Yes, but it's interesting because the play changes. His language changes over the course of the scene in which you get to meet him. He starts out in perhaps a very simple place, and later on in the play, as the emotion grows and he and his brother get into discussions about things, his language changes and he becomes very direct, and as much a big brother as a dependent. He is a year older than his brother, and he becomes very direct and very aggressive in this scene.  

And more sophisticated?
And more sophisticated, exactly.  I think portions of his brain are damaged but part of him is still a mature man.  

There's a surprising duality in your character's personality ─ at times the childlike component is most prominent, and at other times the adult component emerges with great strength.
And the angry parts surface as well, the parts in which he perhaps blames his brother for what happened to him.  

What role do you think Katurian's stories play in Michal's life?  
I think they are worlds for him to play in. I think they exist for him to escape into. They're great worlds to escape into. I think his natural curiosity about things that happen in the stories lead him down an unfortunate, dangerous, horrible path. Another aspect of Michal is that he generally wants to have a good time. The obsession with Katurian's stories, which he loves so much, was just a part of his life. There's another part of him that's quite cheeky and silly, and loving. He goes to school and he has also created a life for himself. He survived what happened to him.  

How did you manage to live within the macabre and comic world of this play for eight months?  
Well, fortunately or unfortunately, my character only existed in the second act of the play, so at the end of that scene he's gone. He lived his life, so to speak. So, there was something in that that allowed me to experience it while I was in it, but when I was done, I was really done. In that respect I didn't bring it home with me. But I did gain 30 to 40 pounds to play the part, so I felt like I was living in this other existence in that way. Because there was so much humor in the play, and all the other actors in the play were a joy to be with, the experience of playing it a long time was a wonderful one. Two show  days were really trying, but I think all of us felt an obligation to make the best show we could every time we went out there. I remember very few moments that seemed uninvested.  

Do you think that the black comedy in the play makes it more bearable or more jarring, or both?  
I think both. I think the humor comes around and does make the evening bearable. There was, I imagine, an unsettling quality to the portrayals of both Tupolski and Ariel [the interrogators]. You never quite knew what their agendas were, and they were consciously trying to knock Katurian off guard. I think the humor was a necessary part of what was a very dark story. But the details of the darkness would also come back and slap that humor around as well. Or it would go too far. It would start out as something really funny, and then something really dark would come up just as soon. That's just the nature of this particular piece, in that it swung back and forth between humor and darkness. It was fun to watch in performance how different audiences would react differently to things. Some people would be laughing hysterically and other people would be seemingly offended that people were laughing at such serious topics.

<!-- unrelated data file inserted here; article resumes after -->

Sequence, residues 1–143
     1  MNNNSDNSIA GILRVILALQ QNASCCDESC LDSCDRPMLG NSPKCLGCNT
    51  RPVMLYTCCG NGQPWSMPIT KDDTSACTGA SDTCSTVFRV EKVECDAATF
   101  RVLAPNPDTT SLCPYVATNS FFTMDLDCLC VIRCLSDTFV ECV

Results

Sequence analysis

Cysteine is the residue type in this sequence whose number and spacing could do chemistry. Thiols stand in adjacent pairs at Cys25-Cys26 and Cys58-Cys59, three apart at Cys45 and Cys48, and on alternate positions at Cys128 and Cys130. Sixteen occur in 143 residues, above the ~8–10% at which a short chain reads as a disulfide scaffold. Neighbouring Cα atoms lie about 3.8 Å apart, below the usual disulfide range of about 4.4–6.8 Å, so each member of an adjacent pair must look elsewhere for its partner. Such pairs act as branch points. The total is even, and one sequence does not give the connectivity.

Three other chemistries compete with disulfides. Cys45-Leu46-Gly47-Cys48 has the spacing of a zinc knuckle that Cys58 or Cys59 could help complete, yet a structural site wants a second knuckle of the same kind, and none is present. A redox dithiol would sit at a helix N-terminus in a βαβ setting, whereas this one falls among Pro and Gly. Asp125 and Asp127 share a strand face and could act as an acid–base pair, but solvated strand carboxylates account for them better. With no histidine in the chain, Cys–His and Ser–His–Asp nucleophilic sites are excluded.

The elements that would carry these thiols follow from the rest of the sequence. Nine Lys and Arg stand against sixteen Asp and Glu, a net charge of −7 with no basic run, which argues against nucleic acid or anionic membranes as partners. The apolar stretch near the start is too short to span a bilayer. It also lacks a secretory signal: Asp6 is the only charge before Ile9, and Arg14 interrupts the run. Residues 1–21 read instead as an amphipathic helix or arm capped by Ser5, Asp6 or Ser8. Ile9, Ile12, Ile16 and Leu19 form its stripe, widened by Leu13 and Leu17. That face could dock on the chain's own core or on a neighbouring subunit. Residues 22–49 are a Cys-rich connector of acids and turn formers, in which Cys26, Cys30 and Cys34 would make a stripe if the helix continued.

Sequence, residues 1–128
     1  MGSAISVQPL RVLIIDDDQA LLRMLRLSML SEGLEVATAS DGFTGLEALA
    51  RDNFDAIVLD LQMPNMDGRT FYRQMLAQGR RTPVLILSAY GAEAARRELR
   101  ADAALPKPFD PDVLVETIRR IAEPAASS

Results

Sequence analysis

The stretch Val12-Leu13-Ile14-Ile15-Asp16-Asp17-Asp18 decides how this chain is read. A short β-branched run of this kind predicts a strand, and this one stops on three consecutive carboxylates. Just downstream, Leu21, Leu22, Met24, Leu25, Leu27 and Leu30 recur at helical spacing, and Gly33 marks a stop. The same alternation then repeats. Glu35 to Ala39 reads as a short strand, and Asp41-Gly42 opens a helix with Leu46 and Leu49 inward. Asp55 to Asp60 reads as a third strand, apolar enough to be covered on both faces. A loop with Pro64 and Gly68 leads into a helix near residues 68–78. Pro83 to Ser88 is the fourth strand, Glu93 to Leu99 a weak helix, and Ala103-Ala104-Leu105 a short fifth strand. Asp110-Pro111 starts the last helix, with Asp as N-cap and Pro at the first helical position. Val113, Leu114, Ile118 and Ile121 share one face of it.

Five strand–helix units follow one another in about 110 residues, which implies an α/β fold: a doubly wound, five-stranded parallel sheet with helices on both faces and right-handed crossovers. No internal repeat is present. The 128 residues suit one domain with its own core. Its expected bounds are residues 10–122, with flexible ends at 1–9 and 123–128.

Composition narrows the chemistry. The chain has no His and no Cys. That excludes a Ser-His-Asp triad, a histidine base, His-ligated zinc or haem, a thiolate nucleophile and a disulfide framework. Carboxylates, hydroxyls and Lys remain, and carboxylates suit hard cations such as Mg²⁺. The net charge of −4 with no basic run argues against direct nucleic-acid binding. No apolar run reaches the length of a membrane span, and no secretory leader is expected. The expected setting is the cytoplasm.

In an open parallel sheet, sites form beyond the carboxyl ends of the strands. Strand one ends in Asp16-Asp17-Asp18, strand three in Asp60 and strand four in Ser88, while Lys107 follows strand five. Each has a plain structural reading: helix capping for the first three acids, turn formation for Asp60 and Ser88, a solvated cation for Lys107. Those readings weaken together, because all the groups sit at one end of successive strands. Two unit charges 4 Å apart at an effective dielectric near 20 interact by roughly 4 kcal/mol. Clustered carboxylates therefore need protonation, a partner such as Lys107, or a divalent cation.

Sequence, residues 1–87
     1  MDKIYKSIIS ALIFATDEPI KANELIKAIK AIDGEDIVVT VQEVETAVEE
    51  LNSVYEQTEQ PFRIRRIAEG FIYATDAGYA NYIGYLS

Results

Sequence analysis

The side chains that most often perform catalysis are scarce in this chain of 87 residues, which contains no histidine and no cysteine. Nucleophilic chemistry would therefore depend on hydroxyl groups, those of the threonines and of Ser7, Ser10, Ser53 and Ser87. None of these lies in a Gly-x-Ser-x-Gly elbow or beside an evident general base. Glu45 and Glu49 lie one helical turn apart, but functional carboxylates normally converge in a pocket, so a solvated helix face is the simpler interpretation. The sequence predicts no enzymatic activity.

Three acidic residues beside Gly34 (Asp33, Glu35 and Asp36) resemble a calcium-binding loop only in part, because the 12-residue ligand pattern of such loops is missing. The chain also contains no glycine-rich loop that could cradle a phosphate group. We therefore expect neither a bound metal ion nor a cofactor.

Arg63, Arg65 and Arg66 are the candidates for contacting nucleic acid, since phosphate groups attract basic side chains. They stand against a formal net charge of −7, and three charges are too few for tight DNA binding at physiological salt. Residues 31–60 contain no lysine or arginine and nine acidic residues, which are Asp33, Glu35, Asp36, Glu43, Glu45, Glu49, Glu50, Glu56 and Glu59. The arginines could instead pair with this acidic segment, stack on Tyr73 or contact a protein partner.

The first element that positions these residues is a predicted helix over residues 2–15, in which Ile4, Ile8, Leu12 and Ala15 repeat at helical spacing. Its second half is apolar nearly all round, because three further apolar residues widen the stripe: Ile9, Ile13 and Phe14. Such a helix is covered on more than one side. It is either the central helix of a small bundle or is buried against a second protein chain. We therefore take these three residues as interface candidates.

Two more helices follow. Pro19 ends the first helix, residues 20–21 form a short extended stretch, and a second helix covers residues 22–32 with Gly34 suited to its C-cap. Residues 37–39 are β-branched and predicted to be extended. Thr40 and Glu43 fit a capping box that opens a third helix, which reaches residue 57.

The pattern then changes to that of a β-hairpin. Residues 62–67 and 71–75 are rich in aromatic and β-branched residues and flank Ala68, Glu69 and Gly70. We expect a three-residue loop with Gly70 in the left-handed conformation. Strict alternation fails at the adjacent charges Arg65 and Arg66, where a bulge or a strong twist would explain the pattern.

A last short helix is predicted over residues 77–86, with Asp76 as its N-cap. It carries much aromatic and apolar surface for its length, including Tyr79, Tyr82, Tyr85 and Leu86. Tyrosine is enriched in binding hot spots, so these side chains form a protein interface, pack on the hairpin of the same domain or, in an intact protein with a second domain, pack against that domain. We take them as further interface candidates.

Is there anything about confronting the play's awful narratives together, as well as experiencing the black humor in the show that might make us feel some kind of connection as human beings?
Those kinds of events are as old as theatre. There's something purging, cathartic in the experience of watching someone go through hardship. I think as a group, or as an audience, we can come out of the experience engaged and perhaps it, ideally, brings us all back to the common denominator that we're all alike in one sense. Maybe by showing someone going through pain it makes us feel a little bit better in the sense that someone or some character out there feels something as deeply, if not more so, or has gone through something even worse than we have. And we can empathize with that pain, and I think that draws us closer. When anyone shares their stories of survival we're interested because many of us have gone through difficult things.

Do you think that the play is about narrative and our relationship with narrative at some level?
I think Martin loves telling a good story. And this is a kind of theatre that I enjoy, being taken on a journey, as opposed to some kinds of theatre that are like, throw yourself in there and see what you experience, but that don't necessarily provide a cohesive journey. The other thing that I find interesting as well, is that at the end of the play when Katurian has been killed, the play has all but finished, the actor playing Katurian gets up and speaks directly to the audience. So it's like he's an actor playing Katurian. He gets up and finishes up the evening's story, and sort of puts a little coda on the end. It questions what it is that we've been through, if we're watching something that truly happened or if it's just a story that this character came up with.

The Pillowman will be staged this season at several theatres across the country, including ACT in Seattle, The Alley Theatre in Houston, and The George Street Playhouse in New Brunswick, New Jersey; and McDonagh will debut The Lieutenant of Inishmore in the U.S. this month, with New York City's Atlantic Theatre Company.

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About This Article

©2006 Laurie Stuhlbarg
©2006 Publication Scene4 Magazine


Laurie Stuhlbarg is a freelance writer and a part-time faculty member in the English department at Bridgewater State College in Massachusetts. She and her family live in Providence.



january 2006